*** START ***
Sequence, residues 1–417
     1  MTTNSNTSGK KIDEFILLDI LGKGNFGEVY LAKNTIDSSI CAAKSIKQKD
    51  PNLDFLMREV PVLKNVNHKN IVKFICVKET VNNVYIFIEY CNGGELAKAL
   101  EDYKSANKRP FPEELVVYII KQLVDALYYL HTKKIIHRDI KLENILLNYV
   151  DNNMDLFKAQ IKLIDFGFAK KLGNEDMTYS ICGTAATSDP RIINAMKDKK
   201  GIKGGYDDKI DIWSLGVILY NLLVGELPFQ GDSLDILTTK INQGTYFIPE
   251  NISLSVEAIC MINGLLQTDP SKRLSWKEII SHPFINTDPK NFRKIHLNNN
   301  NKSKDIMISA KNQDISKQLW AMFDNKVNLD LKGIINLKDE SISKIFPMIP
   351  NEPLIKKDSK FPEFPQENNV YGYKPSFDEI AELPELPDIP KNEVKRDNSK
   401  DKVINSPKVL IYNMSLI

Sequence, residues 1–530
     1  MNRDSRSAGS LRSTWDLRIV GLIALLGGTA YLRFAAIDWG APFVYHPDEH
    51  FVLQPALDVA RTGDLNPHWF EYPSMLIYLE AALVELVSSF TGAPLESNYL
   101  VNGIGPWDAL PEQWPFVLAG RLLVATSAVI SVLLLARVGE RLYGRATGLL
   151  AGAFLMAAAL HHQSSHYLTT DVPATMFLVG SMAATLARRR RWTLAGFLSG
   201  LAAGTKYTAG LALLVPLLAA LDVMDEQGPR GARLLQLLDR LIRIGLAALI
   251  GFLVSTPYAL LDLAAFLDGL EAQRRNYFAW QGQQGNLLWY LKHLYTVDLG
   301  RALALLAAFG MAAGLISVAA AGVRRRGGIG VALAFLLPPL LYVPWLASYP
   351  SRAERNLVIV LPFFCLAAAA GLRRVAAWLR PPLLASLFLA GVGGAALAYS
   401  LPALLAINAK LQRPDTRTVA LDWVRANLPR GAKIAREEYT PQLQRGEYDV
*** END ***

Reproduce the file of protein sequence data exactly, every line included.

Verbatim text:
Sequence, residues 1–417
     1  MTTNSNTSGK KIDEFILLDI LGKGNFGEVY LAKNTIDSSI CAAKSIKQKD
    51  PNLDFLMREV PVLKNVNHKN IVKFICVKET VNNVYIFIEY CNGGELAKAL
   101  EDYKSANKRP FPEELVVYII KQLVDALYYL HTKKIIHRDI KLENILLNYV
   151  DNNMDLFKAQ IKLIDFGFAK KLGNEDMTYS ICGTAATSDP RIINAMKDKK
   201  GIKGGYDDKI DIWSLGVILY NLLVGELPFQ GDSLDILTTK INQGTYFIPE
   251  NISLSVEAIC MINGLLQTDP SKRLSWKEII SHPFINTDPK NFRKIHLNNN
   301  NKSKDIMISA KNQDISKQLW AMFDNKVNLD LKGIINLKDE SISKIFPMIP
   351  NEPLIKKDSK FPEFPQENNV YGYKPSFDEI AELPELPDIP KNEVKRDNSK
   401  DKVINSPKVL IYNMSLI

Sequence, residues 1–530
     1  MNRDSRSAGS LRSTWDLRIV GLIALLGGTA YLRFAAIDWG APFVYHPDEH
    51  FVLQPALDVA RTGDLNPHWF EYPSMLIYLE AALVELVSSF TGAPLESNYL
   101  VNGIGPWDAL PEQWPFVLAG RLLVATSAVI SVLLLARVGE RLYGRATGLL
   151  AGAFLMAAAL HHQSSHYLTT DVPATMFLVG SMAATLARRR RWTLAGFLSG
   201  LAAGTKYTAG LALLVPLLAA LDVMDEQGPR GARLLQLLDR LIRIGLAALI
   251  GFLVSTPYAL LDLAAFLDGL EAQRRNYFAW QGQQGNLLWY LKHLYTVDLG
   301  RALALLAAFG MAAGLISVAA AGVRRRGGIG VALAFLLPPL LYVPWLASYP
   351  SRAERNLVIV LPFFCLAAAA GLRRVAAWLR PPLLASLFLA GVGGAALAYS
   401  LPALLAINAK LQRPDTRTVA LDWVRANLPR GAKIAREEYT PQLQRGEYDV